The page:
My hon. Friend, who has considerable expertise and has taken a great interest in this matter, makes an important point, which is that if the Libyan people choose a new future for themselves and their country, there might be huge opportunities to find out not only what really happened to PC Yvonne Fletcher, but about the support for Northern Irish terrorism that did so much damage in our country.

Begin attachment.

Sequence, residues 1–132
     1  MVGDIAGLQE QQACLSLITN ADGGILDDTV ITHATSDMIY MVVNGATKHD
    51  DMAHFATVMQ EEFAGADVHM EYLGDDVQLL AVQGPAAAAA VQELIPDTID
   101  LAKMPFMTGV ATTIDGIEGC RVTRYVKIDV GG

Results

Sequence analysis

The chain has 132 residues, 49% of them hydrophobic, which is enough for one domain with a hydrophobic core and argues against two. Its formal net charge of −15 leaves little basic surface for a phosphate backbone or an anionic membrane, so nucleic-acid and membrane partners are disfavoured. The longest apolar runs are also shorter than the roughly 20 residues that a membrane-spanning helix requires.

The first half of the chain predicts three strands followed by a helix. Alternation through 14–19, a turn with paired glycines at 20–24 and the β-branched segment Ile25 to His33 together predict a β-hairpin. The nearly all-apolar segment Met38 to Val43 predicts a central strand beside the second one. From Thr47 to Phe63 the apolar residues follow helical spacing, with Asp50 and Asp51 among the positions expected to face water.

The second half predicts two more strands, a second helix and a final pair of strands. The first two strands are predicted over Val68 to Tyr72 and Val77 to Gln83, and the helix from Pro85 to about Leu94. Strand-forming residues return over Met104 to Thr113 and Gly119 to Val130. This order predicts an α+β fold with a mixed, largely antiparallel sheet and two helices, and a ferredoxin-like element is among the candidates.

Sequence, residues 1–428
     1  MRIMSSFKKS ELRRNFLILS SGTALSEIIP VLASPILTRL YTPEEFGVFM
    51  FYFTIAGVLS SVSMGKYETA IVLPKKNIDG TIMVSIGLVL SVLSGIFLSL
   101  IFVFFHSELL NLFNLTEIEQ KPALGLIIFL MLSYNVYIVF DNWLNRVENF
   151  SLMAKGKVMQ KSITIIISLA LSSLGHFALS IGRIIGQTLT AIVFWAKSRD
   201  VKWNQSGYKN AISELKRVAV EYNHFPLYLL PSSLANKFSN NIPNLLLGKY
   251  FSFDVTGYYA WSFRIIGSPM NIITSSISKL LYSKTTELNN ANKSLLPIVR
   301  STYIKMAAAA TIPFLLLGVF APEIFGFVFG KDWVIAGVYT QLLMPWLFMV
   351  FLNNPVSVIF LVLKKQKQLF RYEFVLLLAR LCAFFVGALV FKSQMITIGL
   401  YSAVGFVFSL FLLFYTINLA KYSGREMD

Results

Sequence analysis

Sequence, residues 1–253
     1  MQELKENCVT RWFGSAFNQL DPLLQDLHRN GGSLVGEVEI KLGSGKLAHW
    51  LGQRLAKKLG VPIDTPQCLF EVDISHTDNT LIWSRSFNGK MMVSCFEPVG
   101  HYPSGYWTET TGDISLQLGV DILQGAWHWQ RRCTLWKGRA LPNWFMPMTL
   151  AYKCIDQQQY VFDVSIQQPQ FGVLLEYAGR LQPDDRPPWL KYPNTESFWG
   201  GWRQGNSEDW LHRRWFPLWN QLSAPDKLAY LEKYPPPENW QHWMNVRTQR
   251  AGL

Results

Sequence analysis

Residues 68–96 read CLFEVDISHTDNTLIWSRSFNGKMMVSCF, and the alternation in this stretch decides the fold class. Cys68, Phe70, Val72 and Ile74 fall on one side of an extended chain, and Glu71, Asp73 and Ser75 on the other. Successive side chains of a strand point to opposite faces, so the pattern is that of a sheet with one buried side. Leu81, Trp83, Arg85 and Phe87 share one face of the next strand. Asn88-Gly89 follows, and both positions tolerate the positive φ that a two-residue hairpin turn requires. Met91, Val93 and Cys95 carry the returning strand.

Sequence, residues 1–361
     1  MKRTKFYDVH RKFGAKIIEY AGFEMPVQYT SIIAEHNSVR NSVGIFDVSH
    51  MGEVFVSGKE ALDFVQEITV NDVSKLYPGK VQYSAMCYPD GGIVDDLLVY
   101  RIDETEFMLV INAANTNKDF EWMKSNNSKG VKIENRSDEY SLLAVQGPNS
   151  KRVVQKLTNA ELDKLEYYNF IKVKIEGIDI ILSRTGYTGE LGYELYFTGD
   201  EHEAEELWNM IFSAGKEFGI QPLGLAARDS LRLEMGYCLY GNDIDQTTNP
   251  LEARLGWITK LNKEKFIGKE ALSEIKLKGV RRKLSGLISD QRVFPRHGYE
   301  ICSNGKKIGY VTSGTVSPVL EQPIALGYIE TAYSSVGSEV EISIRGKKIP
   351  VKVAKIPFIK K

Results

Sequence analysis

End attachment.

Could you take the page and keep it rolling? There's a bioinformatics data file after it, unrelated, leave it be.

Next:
People will be rightly concerned that we should have a clear plan for what happens next in Libya—both in humanitarian terms, and also politically and diplomatically—following the successful conclusion of the no-fly zone. On humanitarian issues, the UK was one of the first to respond to the humanitarian needs arising from Gaddafi’s actions. We provided tents and blankets from our stores in Dubai for the thousands of migrant workers crossing the borders to escape the regime’s violence. We were the first country to provide flights to enable 12,000 migrant workers to return to their homes. This timely assistance prevented what was a logistical emergency from becoming a humanitarian crisis. The International Development Secretary announced last week that we will now support the International Committee of the Red Cross to deploy three medical teams. They will help to provide both medical assistance to the 3,000 people affected by the fighting, and food and essential items for 100,000 of the most vulnerable. From the beginning, we urged the United Nations to lead international pressure for unfettered humanitarian access within Libya. We are now planning for new humanitarian needs that may emerge as a result of the conflict.